Paws and Effect

Dear Most Esteemed and Knowledgeable Kitties:

Hi we have a cat, we got her about 6 months ago. She has been starting to sneeze a lot, and has a lot of mucus. She will drink and eat, but not as much as she used to. I am really concerned, but really can’t afford a vet. any Ideas?

~Joni

Siouxsie: Joni, we’ve seen a lot of cats with similar symptoms, and it sounds like your cat may have a cold. Yes, cats do get colds. But because colds can quickly become very serious problems in cats, you really need to call a vet.

Thomas: The vet may recommend home care and monitoring of your cat, or, depending on how serious they think the condition is from the symptoms you report, they may tell you to bring your cat in right away.

Dahlia: We know that many people have trouble affording the vet care their cats need. So we’ve compiled a list of websites that provide links to resources for financial assistance. These may be helpful for you, Joni.

Siouxsie: Now, on to the issue of the cold. The reason why colds can be so very serious in cats is that our sense of smell is very important to maintaining our appetite. If your cat’s nose is clogged with mucus, she’s not going to be able to smell her food, and therefore she’s not going to be attracted to it.

Thomas: Another reason, of course, is that when you feel sick, you just don’t want to eat or drink. And depending on what virus your cat caught, she may develop sores in her mouth that would make eating uncomfortable.

Dahlia: But you have to keep your cat eating and drinking, Joni. Dehydration and hunger will seriously weaken her and make it even harder for her to fight off the bug.

Siouxsie: Find strong-smelling foods like tuna-flavored canned food or meat-flavored baby food (make sure it doesn’t have onion powder in it) and dilute the food with water. You can also make the food smell stronger by heating it in the microwave for 5 to 10 seconds.

Thomas: You can also give your cat extra fluids by using a syringe (without the needle, of course!) or an eyedropper and putting them in her mouth.

Dahlia: The authors of the Cat Owner’s Home Veterinary Handbook recommend that you keep your cat in a warm room and use a humidifier to keep the air moist. This will help to keep the mucus secretions more liquid and make it easier for her to sneeze them out.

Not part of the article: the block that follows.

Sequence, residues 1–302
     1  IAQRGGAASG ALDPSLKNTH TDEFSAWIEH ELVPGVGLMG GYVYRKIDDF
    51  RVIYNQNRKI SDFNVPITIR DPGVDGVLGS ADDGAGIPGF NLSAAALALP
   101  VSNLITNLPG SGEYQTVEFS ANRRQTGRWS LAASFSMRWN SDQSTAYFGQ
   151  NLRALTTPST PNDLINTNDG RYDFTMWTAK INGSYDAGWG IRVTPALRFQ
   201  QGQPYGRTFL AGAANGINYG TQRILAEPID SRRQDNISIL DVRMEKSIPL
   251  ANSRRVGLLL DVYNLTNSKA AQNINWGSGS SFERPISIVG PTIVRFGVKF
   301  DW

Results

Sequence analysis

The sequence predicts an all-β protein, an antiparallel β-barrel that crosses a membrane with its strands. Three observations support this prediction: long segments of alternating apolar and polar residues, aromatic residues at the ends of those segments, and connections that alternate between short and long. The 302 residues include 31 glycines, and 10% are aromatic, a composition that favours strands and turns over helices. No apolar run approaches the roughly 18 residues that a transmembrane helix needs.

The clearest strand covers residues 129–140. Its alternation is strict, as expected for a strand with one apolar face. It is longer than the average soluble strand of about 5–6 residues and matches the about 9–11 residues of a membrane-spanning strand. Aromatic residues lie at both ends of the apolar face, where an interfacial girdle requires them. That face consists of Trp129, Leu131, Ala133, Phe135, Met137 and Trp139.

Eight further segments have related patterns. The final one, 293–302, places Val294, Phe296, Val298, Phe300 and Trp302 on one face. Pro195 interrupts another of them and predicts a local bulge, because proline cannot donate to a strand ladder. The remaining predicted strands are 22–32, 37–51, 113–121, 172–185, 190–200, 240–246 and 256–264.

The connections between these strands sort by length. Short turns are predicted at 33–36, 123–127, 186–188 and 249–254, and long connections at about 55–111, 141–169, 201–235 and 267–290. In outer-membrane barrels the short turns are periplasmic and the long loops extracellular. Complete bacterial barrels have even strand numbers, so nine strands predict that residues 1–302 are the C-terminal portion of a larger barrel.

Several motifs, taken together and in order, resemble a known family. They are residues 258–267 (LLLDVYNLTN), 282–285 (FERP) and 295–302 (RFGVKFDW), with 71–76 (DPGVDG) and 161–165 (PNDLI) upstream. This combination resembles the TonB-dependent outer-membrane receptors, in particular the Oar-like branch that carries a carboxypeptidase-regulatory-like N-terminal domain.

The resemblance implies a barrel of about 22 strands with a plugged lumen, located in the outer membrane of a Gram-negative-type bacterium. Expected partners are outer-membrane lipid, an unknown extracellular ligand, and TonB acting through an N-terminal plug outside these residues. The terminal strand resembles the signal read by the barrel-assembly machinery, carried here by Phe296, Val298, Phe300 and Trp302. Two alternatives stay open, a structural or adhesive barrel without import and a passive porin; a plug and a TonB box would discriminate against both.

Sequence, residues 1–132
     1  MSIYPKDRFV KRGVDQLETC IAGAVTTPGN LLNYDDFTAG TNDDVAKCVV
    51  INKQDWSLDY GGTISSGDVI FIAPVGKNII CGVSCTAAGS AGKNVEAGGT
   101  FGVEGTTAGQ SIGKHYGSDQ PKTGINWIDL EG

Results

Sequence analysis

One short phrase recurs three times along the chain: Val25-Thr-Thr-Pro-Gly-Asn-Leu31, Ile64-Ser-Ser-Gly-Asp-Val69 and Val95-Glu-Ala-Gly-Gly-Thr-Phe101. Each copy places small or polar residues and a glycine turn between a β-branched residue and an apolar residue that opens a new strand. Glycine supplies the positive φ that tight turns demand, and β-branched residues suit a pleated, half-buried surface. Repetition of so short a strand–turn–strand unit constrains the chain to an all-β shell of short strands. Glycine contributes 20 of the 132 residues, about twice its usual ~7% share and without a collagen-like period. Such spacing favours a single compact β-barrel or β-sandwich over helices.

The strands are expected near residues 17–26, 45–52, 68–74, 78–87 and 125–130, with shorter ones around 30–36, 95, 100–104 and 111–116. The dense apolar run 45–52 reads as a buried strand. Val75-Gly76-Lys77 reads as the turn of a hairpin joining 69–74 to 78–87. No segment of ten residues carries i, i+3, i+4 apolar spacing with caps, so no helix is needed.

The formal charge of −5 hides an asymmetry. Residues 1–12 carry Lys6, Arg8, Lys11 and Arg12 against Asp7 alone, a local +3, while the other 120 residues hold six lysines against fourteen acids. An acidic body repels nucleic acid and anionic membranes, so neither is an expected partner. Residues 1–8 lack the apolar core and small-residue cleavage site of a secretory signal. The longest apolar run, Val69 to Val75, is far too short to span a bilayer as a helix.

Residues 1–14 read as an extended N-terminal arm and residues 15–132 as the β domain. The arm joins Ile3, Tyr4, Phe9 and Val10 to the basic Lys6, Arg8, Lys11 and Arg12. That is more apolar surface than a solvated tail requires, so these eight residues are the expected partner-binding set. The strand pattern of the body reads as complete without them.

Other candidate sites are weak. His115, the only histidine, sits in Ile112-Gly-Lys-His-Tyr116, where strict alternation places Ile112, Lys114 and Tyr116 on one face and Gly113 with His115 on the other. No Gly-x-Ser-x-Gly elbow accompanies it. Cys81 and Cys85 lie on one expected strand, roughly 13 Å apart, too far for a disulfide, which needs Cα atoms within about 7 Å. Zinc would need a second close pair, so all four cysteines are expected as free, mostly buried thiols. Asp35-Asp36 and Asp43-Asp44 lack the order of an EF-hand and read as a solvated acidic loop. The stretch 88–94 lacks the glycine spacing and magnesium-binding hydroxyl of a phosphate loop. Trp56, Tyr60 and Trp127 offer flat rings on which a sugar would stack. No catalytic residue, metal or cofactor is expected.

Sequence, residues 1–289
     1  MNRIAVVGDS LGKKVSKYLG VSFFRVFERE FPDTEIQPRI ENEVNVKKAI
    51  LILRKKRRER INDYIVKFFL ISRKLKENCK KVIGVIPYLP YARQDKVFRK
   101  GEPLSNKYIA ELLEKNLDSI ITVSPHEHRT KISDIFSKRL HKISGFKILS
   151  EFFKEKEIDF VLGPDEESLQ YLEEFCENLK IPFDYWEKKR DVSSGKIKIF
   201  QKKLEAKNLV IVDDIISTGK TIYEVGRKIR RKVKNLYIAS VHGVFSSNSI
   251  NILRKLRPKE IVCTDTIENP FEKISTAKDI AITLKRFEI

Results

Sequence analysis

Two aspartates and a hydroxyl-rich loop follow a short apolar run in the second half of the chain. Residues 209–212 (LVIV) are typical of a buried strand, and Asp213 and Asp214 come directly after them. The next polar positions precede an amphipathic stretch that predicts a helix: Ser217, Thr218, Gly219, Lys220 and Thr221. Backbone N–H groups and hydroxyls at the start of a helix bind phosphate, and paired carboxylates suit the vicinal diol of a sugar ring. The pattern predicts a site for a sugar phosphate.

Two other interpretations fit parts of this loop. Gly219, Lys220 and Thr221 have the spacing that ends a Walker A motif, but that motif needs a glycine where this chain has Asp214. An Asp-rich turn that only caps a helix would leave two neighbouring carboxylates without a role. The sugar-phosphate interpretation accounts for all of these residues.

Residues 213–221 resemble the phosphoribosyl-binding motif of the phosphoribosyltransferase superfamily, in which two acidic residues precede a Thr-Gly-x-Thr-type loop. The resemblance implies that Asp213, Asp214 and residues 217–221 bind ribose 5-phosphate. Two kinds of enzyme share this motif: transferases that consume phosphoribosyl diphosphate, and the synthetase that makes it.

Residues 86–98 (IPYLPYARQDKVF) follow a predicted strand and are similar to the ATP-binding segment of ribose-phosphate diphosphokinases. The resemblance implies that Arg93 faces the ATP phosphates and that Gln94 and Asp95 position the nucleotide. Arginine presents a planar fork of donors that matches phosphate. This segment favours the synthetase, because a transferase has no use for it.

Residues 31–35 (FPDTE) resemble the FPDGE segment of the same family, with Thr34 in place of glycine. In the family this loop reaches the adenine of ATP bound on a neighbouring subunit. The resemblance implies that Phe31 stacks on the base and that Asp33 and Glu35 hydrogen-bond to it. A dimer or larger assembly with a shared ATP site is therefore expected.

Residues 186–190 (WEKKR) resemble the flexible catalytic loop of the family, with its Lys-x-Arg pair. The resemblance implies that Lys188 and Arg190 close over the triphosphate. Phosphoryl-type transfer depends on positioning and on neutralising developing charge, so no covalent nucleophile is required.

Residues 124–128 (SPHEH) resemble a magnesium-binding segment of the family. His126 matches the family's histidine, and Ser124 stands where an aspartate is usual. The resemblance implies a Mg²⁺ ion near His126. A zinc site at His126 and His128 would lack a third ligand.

Siouxsie: If you don’t have a humidifier, even keeping your cat in the bathroom while you shower can help.

Thomas: You can clean secretions from your cat’s eyes, nose, and mouth with moist cotton balls as often as needed.

Dahlia: If your cat refuses to eat altogether, or if she becomes dehydrated, loses weight, and is still sick despite your home care, you need to take her to the vet. If she starts having trouble breathing — that is, she’s breathing through her mouth and/or wheezing, you need to take her to the vet. No ifs, ands, buts, or I can’t afford its are going to change that.

Siouxsie: If your cat gets this sick, she may need subcutaneous fluids to rehydrate her and get her the nutrition she needs, and antibiotics to help combat the bacterial infections that can arise from ongoing viral infections.

Thomas: Even after your cat recovers, Joni, she’ll still be a carrier for this upper respiratory virus. She may get sick again during times of physical stress such as illness or surgery, or emotional stress like traveling or the arrival of a new cat or dog in your home.

Dahlia: That doesn’t mean you should never travel or get another cat. What it does mean is that you need to understand that stress can bring about a recurrence of her cold and do your best to keep her as calm as possible during stressful times.

Siouxsie: One more thing, Joni: If your cat hasn’t been tested for feline immunodeficiency virus (FIV) or feline leukemia (FeLV), you should have your vet do this blood test as soon as you can afford to do so.

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